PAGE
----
Grade your language  especially while working with starters.
Make the first question together with the group to set an  example. 

Don’t rush and let students see what they need to do. 

Discuss the first question together with your students to demonstrate to them how the task works. 

Ask ICQs.

Don’t expect students to understand everything you say. 

Students can easily get distracted or lose some important points, so it’s necessary to check if they understand all the instructions correctly. 

Always check understanding of key concepts.

Don’t forget to ask CCQs.

Don’t use questions like “Do you understand?” – they don’t work.

Be visual. Try using slides and games to make your CCQs more diverse and memorable.

Don’t use your voice only. 

Don’t make your activities too predictable and repetitive.

Presentation

Presentation of the new vocabulary or functional language is a much more complex and structured process than anyone may see. 

Often, it is an effective presentation that takes so much time to prepare while lesson planning. 

So, here are some do(s) and don’t(s) for an ESL teacher to present new material:

Looking for ESL resources inspro?

Dos Don'ts 

Make your presentation structured and well-prepared.

Plan all possible questions in advance and be prepared to explain them in a couple of ways and drill them.

For example: while teaching Present Simple to A1 students you are likely to face a lot of questions on how to use “to be” properly, when to add ending –s, and why we can’t say something like “He is play”. Plan your potential answers to all of these questions.

Don’t improvise. You need to clearly understand why certain pictures or phrases are used and what comes after each slide.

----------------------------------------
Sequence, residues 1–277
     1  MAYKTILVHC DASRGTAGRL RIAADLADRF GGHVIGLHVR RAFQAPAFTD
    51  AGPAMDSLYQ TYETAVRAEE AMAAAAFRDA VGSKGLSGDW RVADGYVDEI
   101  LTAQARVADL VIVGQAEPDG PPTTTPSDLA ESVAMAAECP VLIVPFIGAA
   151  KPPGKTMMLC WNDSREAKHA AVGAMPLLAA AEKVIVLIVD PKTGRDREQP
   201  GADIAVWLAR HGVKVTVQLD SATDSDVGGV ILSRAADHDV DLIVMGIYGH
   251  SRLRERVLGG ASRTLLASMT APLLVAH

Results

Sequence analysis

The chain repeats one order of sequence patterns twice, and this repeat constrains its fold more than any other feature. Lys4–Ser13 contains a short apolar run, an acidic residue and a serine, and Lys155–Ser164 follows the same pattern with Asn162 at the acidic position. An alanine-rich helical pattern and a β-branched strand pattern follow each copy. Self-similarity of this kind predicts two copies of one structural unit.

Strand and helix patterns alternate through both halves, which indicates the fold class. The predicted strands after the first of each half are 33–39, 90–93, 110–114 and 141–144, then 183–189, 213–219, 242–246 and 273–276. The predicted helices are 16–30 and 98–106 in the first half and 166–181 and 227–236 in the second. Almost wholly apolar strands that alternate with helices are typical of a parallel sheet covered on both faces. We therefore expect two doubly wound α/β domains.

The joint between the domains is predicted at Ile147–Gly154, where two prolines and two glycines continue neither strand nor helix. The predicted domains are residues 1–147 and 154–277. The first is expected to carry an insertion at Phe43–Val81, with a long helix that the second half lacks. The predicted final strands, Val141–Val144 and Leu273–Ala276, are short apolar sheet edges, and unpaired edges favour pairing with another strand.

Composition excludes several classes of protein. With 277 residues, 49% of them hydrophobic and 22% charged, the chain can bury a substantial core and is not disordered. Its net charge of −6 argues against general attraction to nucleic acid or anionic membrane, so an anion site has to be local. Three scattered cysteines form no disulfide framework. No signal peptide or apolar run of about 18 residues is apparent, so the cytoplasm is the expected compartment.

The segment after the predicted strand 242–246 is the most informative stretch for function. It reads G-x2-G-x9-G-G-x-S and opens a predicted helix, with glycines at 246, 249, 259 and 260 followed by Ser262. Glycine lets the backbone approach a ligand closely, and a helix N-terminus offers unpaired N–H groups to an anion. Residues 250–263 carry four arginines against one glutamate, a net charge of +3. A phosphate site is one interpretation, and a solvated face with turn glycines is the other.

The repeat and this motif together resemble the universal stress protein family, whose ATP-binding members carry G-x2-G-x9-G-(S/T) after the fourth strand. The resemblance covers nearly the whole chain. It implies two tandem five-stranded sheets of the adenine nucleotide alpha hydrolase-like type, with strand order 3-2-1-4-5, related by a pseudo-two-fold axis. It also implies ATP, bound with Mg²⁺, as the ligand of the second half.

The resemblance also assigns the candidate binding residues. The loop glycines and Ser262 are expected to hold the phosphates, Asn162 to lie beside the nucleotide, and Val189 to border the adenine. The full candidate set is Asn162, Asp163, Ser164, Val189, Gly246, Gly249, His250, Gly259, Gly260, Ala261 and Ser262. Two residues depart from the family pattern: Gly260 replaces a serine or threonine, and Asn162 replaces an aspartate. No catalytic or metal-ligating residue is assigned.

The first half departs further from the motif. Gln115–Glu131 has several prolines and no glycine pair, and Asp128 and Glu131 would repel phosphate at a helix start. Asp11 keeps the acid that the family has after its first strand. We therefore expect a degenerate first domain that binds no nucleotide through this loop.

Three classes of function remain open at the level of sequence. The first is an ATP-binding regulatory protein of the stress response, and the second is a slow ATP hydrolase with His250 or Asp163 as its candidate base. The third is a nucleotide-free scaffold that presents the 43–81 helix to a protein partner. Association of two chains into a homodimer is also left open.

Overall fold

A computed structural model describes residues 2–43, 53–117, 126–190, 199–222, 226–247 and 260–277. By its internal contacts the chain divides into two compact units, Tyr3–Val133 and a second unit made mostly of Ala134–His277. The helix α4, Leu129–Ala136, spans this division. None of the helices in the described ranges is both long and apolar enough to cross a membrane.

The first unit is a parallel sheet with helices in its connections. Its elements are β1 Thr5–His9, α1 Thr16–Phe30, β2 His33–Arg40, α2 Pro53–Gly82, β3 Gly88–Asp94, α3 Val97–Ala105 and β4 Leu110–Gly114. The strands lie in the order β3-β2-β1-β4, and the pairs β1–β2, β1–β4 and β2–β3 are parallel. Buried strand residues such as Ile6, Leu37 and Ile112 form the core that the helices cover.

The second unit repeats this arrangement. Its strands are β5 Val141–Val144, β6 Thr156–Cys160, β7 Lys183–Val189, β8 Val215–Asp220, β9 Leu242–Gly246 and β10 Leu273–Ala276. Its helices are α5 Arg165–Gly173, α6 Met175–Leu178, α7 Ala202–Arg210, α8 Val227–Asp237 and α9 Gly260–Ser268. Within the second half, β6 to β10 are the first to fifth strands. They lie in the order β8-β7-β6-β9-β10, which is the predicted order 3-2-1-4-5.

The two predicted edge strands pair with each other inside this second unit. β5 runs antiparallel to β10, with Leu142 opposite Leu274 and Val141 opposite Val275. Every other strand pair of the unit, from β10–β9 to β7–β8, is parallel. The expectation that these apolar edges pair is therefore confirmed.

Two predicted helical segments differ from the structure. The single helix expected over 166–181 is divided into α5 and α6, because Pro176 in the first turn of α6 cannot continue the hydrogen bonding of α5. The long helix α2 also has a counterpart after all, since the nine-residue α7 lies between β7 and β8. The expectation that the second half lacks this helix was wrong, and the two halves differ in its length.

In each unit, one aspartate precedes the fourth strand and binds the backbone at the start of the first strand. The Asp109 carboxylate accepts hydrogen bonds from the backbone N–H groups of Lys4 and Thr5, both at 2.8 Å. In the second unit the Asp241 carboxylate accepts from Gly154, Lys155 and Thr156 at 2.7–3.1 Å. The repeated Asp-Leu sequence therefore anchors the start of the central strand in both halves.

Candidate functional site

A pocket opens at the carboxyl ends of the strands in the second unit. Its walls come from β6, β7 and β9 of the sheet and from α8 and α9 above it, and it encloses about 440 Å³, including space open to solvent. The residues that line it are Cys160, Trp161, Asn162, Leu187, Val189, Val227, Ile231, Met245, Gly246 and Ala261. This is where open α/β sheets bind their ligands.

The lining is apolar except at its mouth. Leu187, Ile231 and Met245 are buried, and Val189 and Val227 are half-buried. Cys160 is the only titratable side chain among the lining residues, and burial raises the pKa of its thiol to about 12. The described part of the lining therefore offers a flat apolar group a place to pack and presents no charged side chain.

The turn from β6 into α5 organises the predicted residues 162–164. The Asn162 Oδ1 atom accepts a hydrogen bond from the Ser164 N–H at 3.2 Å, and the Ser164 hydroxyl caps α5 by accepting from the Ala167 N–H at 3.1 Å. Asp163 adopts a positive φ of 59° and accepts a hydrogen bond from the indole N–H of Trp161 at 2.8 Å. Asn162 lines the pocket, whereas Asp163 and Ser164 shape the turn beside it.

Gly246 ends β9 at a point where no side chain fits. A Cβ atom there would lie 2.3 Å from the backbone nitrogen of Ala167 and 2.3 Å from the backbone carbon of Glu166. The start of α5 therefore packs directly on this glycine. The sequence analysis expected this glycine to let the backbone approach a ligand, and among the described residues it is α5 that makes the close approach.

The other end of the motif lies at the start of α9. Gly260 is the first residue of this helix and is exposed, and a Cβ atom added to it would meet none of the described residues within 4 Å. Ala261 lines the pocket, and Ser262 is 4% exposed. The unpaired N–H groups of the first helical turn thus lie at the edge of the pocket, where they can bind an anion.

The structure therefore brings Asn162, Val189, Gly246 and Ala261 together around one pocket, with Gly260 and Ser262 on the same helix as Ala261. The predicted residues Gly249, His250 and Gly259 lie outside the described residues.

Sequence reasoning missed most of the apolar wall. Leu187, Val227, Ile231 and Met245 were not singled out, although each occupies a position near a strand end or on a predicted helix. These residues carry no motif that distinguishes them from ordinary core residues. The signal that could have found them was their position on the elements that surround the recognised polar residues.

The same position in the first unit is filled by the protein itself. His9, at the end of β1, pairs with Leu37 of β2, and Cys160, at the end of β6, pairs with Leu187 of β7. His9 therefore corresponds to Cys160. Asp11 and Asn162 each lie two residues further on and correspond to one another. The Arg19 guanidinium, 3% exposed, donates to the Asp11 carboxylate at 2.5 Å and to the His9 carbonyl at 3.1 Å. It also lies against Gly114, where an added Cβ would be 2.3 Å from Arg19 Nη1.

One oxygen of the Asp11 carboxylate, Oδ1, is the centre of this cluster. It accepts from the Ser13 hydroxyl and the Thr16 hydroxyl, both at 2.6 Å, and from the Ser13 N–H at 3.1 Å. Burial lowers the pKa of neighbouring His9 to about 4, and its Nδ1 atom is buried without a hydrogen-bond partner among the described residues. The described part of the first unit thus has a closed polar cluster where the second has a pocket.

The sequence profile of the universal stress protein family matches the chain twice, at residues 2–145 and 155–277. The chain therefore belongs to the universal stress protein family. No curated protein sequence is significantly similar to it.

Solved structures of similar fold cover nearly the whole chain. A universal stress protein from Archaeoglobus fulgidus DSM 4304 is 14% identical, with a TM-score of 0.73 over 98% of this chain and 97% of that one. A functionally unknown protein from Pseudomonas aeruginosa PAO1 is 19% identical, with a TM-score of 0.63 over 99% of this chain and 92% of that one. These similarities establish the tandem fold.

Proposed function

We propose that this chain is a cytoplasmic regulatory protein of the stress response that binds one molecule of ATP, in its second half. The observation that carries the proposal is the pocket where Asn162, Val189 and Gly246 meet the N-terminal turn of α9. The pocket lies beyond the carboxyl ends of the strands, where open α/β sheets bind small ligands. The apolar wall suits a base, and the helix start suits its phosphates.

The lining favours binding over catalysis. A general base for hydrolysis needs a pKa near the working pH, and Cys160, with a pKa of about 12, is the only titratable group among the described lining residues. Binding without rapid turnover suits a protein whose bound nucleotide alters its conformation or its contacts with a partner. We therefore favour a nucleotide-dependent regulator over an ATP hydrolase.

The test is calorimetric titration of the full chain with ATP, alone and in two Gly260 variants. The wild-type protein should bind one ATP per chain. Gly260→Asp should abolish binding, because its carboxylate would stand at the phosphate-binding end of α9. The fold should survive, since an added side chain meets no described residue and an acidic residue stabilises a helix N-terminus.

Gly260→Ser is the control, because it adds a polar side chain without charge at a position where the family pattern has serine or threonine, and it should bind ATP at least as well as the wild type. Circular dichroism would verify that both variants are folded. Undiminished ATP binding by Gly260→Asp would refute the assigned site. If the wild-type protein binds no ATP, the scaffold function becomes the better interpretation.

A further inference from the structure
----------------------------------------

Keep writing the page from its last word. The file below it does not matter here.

Structure your presentation according to the correct order:

  • Task
  • Elicit
  • CCQs
  • Drill
  • Practice

Don’t miss the stages. All of them are crucial for the effective presentation of the new material. 

Make sure you know how to pursue each stage.

Make everything visual.Don’t rely only on your voice and your textbooks’ written rules and tables. Support your presentation with pictures, videos, lyrics, and make it fun and engaging to follow. 
Provide tasks for every presentation stage.Don’t miss the tasks for certain stages. Even if you feel like the vocabulary is not that difficult to pronounce, you are supposed to drill it in order to avoid further mistakes or misunderstandings.

Error correction

To correct or not to correct? That is the question we often ask. When should we correct the mistakes? What exactly should we correct? What strategies to use while correcting? Let’s see our brief review.

Dos Don'ts

Know what to correct and when to correct. 

Practice DEC (delayed error correction) rather than IEC (instant error correction).

Don’t correct every single mistake. Don’t be overly intrusive. 
Be supportive.

Don’t shame students for their mistakes. 

Don’t express irritation. 

Don’t demotivate students by pointing out too many mistakes at a time. 

Focus on the most important mistakes.

Practice different correction strategies: 

  • repeating students’ mistakes with certain intonation
  • finger correction
  • asking questions to clarify the meaning of what has been told 
  • reformulations
  • facial expressions
  • gestures

Don’t use instant error correction all the time. 

Don’t use your voice only to correct mistakes.

Introduce self-correction and peer-correction

Don’t take all the responsibility for error correction. 

Students are often able to correct their mistakes on their own. 

Moreover, peer correction is also great for a change. 

How to use delayed error correction?

Conclusion

To sum up, this is an extremely brief look at what a teacher should and shouldn’t know while teaching ESL. Of course, it’s an art that requires a lot of practice to master. If you are eager to become a true ESL professional stay tuned and join our community of professionals to get advice and inspiration.

Asking questions like “Is it clear?” or “Do you understand?” is a good idea.

You shouldn’t always correct the mistakes on your own.

Article authors & editors
  • Arina Kravchenko

    Arina Kravchenko

    Author

    Teacher of General English & IELTS